Ethical Argumentation

Ethical Argumentation

By (author) 

Free delivery worldwide

Available. Dispatched from the UK in 2 business days
When will my order arrive?

Description

Bridging the gap between applied ethics and ethical theory, Ethical Argumentation draws on recent research in argumentation theory to develop a more realistic model of how ethical justification actually works. Douglas Walton presents a new model of ethical argumentation in which ethical justification is analyzed as a defeasible form of argumentation considered in a balanced dialogue. Walton's new model employs techniques such as: asking the appropriate critical questions, probing accepted values, finding nonexplicit assumptions in an ethical argument, and deconstructing emotive terms and persuasive definitions. This book will be of significant interest to scholars and advanced students in applied ethics and theory.show more

Product details

  • Paperback | 328 pages
  • 152 x 226 x 26mm | 521.63g
  • Lexington Books
  • Lanham, MD, United States
  • English
  • Reprint
  • 0739141384
  • 9780739141380
  • 1,714,149

Review quote

Ethical Argumentation explains and defends a systematic, imaginative, and highly plausible model of ethical reasoning worthy of the careful attention of anyone interested in moral theory or applied ethics. -- Carl Wellman, Washington University Walton shows that critical discussion about ethical matters is the place where rhetoric, logic, and dialectic meet...he significantly advances our understanding of this most important arena for human interaction. -- David Zarefsky, Northwestern University ...His observations remind us that ethical discussion is a topic worthy of serious discourse, too important to be dismissed by positivists or postmodernists. Walton's "new" model of ethical argumentation...provides some small steps toward closing the existing gap between real problems needing solutions in applied ethics and abstract ethical theories. -- Andrea Birch, Brenau Universityshow more

About Douglas Walton

Douglas Walton holds the Assumption University Chair in Argumentation Studies and is Distinguished Research Fellow of the Centre for Research in Reasoning, Argumentation, and Rhetoric at the University of Windsor.show more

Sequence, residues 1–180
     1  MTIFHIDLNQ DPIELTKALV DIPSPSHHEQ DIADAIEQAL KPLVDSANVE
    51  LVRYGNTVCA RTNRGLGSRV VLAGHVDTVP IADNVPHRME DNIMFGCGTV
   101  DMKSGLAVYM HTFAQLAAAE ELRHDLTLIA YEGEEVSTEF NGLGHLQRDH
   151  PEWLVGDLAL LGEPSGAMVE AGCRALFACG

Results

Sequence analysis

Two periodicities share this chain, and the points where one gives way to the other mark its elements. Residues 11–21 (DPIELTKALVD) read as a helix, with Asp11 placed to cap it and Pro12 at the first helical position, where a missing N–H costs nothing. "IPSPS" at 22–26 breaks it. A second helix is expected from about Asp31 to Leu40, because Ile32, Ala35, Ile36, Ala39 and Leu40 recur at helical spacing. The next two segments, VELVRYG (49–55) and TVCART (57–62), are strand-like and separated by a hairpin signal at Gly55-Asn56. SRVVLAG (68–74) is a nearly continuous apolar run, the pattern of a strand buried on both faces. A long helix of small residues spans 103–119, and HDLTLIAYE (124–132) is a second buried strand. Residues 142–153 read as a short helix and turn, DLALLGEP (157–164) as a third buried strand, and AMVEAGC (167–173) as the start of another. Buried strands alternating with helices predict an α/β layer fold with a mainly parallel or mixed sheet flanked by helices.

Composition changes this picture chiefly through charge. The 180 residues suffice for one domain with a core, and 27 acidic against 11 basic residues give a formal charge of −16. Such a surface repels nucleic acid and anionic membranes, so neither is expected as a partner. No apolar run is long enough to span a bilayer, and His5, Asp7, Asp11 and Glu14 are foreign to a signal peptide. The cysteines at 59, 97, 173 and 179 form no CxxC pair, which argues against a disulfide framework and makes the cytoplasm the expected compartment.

Table of contents

Chapter 1 Introduction Part 2 Fundamentals of Ethical Argumentation Chapter 3 Legal Arguments Chapter 4 Hard Cases and Easy Cases Chapter 5 Ross's Theory of Ethical Reasoning Chapter 6 Comparison of Ethical and Legal Arguments Chapter 7 The Problem of Emotive Language Chapter 8 Toward a New Framework Chapter 9 Aristotle on Endoxic Ethical Justification Chapter 10 Evaluating Ethical Argumentation in a Dialogue Format Chapter 11 Deliberation and Practical Reasoning Chapter 12 Concluding Perspectives Part 13 The Layered Maieutic Case Study Method Chapter 14 A Case from Medical Ethics Chapter 15 The Layer of Deliberation Chapter 16 Dialectical Shifts Chapter 17 The Layer of Critical Discussion Chapter 18 Maieutic Insight and Commitment Chapter 19 The Case Analysis and Discussion Chapter 20 The Structure of a Layered Case Study Chapter 21 Current Status of Casuistry in Ethics Chapter 22 How to Evaluate a Layered Case Study Chapter 23 Summary of the Layered Maieutic Case Study Method Part 24 The Central Characteristics of Ethical Reasoning Chapter 25 The Problem of Circular Ethical Justification Chapter 26 Ethical and Legal Reasoning Reconsidered Chapter 27 Chained Inferences in Retrospective Ethical Reasoning Chapter 28 Deep Disagreements and Ultimate Ethical Premises Chapter 29 Facts and Values in Ethical Reasoning Chapter 30 Abductive Inference Chapter 31 Endoxic Premises Chapter 32 How to Determine Endoxic Premises Chapter 33 Summary of the Structure of Ethical Reasoning Part 34 Persuasive Definitions Chapter 35 Stevenson's Theory of Persuasive Definitions Chapter 36 Public Policy Implications of Persuasive Definitions Chapter 37 Value-Laden Terms and Moral Persuasion Chapter 38 A Pragmatic Approach to Definitions Chapter 39 Use of Loaded Terms Chapter 40 The Deceptive Aspect of Persuasive Definitions Chapter 41 Is There a Fallacy of Loaded Terms? Chapter 42 How to Evaluate a Persuasive Definition Chapter 43 Uses in Other Contexts Part 44 Dialectic, Persuasion, and Rhetoric Chapter 45 What is Dialectic? Chapter 46 The New Dialectic Chapter 47 The General Idea of Persuasion Dialogue Chapter 48 Critical Discussion and Rational Persuasion Chapter 49 Fallacies and Faults of Arguments Chapter 50 The Maieutic Function and Learning What Your Goals Are Chapter 51 The Opposition between Rhetoric and Dialectic Chapter 52 Persuasion, Action, and Ethical Justification Chapter 53 A New Program for Studying Ethical Argumentation Part 54 The Probative Function Chapter 55 The Probative Function and Circular Arguments Chapter 56 Account of the Probative Function in Sextus Empiricus Chapter 57 The Problem of Circular Reasoning as Treated in Ancient Sources Chapter 58 Infinite Regress Arguments Chapter 59 Types of Arguments Chapter 60 Linked and Convergent Arguments Chapter 61 Chaining of Arguments Chapter 62 Doubt Reduction and Chaining Chapter 63 The Importance of the Probative Function Chapter 64 Summary: How the Probative Function Works Part 65 The New System of Layered Justification Chapter 66 Subjective and Objective Chapter 67 Attitudes, Emotions, and Rationality Chapter 68 Evidence, Emotion, and Ethical Justification Chapter 69 Emotivism, Relativism, and Postmodernism Chapter 70 The Dialectical Shift to a Verbal Dispute Chapter 71 Multiple Definitions of Ethical Terms Chapter 72 An Argumentation System for Ethical Definitions Chapter 73 The Difference between Layered Ethical Justification and Propaganda Chapter 74 Summary of the Argumentation System Chapter 75 The Pragmatic Nature of Ethical Argumentationshow more